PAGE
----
Japan Prize Recognizes Rutgers Marine Scientist for Work that Helped Unlock Ocean's Mysteries

Japan Prize Recognizes Rutgers Marine Scientist for Work that Helped Unlock Ocean's Mysteries

Frederick Grassle led 10-year effort to create a census of marine life documenting more than 1,000 new species

Fred Grassle CR
J. Frederick Grassle in his office at the Institute of Marine and Coastal Sciences.

During the late 1970s, scientists discovered a never-seen-before species living on the ocean floor at hydrothermal vents and debunked the popular belief that the bottom of the ocean was relatively devoid of life. This new scientific realization left an unanswered question: how does an environment so far away from the energy source of the sun support such diverse life?

Marine scientist J. Frederick Grassle’s research helped unlock that mystery.

Grassle’s work has proved vital to understanding marine life and has affected decisions about ocean conservation. After developing a theory to explain that the ocean bottom consists of a patchwork of interconnected environments, each with a unique set of organisms. The Rutgers professor emeritus of marine science and founding director of the Rutgers Institute of Marine and Coastal Sciences led a 10-year-effort to create a Census of Marine Life. Working with 2,700 scientists in 80 countries, Grassle led the effort to catalog everything living in the ocean, its abundance and location.

The Census of Marine Life documented more than 1,000 new species -- an invaluable resource to those interested in everything from commercial fisheries to deep-sea mining. An estimated 5,000 more new species sit in jars around the world awaiting description.

For his decades of work improving knowledge of ocean life, Grassle will be awarded the 2013 Japan Prize, which will be accepted on his behalf in ceremonies in Tokyo in April by Paul Snelgrove, a former graduate student and a professor at Memorial University in Newfoundland. The prestigious award bestowed by the Japan Prize Foundation, honors work in scientific fields not usually recognized by the Nobel Prize.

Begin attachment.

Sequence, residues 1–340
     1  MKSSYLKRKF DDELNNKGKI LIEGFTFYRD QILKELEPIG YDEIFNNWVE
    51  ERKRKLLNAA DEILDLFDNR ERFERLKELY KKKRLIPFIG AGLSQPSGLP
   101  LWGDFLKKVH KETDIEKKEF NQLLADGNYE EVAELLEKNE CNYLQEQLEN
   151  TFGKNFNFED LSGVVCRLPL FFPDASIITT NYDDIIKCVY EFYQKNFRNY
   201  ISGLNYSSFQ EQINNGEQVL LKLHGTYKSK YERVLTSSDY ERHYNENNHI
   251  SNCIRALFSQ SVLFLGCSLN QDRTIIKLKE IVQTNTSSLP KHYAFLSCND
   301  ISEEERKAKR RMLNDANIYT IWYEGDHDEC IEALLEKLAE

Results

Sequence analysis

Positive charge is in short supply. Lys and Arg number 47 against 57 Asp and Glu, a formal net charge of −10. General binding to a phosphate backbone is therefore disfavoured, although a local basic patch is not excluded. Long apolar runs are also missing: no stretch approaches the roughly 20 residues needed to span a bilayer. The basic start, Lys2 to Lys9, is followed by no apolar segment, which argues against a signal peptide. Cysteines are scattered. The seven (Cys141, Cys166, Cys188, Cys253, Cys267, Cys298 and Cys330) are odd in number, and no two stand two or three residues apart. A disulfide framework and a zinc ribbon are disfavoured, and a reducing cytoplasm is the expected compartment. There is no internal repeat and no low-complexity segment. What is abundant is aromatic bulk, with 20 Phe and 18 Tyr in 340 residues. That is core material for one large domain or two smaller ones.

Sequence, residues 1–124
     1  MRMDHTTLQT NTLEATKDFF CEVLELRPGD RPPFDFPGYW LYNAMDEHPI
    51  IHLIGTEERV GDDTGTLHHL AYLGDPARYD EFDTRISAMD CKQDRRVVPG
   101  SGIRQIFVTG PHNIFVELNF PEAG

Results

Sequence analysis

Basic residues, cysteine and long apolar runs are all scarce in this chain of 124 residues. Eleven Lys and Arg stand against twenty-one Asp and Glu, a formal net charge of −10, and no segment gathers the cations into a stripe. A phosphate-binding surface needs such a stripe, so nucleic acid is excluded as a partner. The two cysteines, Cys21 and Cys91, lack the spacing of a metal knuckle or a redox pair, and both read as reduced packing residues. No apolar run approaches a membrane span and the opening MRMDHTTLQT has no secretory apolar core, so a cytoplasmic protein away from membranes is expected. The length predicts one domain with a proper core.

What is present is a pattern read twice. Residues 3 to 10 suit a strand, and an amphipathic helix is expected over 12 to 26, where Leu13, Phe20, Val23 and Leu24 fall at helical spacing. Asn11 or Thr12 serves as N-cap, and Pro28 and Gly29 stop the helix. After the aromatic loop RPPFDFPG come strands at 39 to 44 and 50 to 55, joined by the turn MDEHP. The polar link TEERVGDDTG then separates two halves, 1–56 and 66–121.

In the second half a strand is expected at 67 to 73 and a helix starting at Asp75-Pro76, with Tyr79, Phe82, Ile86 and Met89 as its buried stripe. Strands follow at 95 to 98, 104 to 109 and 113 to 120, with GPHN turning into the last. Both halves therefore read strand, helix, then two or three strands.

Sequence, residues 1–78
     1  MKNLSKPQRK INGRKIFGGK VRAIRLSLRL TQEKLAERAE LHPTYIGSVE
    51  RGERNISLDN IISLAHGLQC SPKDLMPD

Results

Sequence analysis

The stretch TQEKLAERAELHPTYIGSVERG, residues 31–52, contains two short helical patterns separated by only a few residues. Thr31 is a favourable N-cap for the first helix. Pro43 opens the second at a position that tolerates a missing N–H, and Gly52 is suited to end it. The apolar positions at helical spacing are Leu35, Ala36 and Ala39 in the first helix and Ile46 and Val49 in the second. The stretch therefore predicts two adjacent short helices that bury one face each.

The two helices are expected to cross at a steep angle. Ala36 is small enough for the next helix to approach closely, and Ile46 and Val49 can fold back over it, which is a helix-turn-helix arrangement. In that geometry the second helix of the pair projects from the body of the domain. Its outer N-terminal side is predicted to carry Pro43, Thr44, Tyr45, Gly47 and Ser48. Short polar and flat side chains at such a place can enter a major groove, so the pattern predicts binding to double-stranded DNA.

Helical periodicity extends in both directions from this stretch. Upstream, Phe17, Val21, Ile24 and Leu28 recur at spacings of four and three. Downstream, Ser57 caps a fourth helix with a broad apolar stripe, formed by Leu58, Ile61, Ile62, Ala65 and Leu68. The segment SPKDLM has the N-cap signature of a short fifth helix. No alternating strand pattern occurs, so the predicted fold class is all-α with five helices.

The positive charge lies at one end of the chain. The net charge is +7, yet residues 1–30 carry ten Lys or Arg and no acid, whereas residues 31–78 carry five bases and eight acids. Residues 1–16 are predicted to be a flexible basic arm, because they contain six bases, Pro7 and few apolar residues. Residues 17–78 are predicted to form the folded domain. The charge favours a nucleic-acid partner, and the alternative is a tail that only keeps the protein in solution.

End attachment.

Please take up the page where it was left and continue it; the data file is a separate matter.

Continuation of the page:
“The census only happened because Fred worked to make something happen,” Snelgrove said. “The end result was a program that captured the interest and excitement of children, adults, and senior citizens, from Japan to China to Europe to America. He was the catalyst for this generation of ocean conscience, just as Jacques Cousteau was for a previous one.”

Grassle received his Ph.D. from Duke University in 1967, and after postdoctoral studies at the University of Queensland in Australia and the Woods Hole Oceanographic Institution in Woods Hole, Mass., where he spent 20 years as a teacher and researcher.

At Woods Hole, Grassle met and mentored a number of promising young scientists, many of whom have gone on to distinguished careers. “Fred was full of ideas, lots and lots of great ideas,” Snelgrove recalled. “He’d throw them out constantly. Fred was very passionate, very excited about ocean life and diversity. And he was very gentle and easy-going. One time, we lost a very expensive piece of equipment over the side. And heshrugged and said, ‘Don’t worry, we’ll find it.’ And we did.”

In 1989, Grassle came to Rutgers to establish the Institute of Marine and Coastal Sciences. At the time, oceanography and related studies were scattered around the university, and it was Grassle’s task to pull them together. “I wanted the institute to be truly interdisciplinary, with real strengths, not just in biology, which is my background, but in chemistry, physics and geology,” Grassle said as he prepared to step down as the institute’s director in 2008.

Grassle also recruited a long list of talented scholars to the institute – among them, Dale Haidvogel, the eminent ocean modeler; Paul Falkowski, now Board of Governors Professor of Geological and Marine Sciences and head of the Rutgers University Energy Institute; Scott Glenn, leader of the Coastal Ocean Observation Laboratory; Sybil Seitzinger, a world expert on nitrogen biogeochemistry; and many others.

In recognizing Grassle, the Japan Prize Foundation praised him for developing the “patch mosaic” theory of deep-ocean diversity. The citation describes Grassle’s work in ocean-bottom diversity as the “starting point for him to lead the establishment of the Census of Marine Life.”

“I’m greatly honored to receive this prestigious award and am pleased to see my work on biodiversity recognized, but also to see recognition for the importance of ocean life,” Grassle said.

Media Contact: Ken Branson
732-932-7084, ext. 633
E-mail: kbranson@ur.rutgers.edu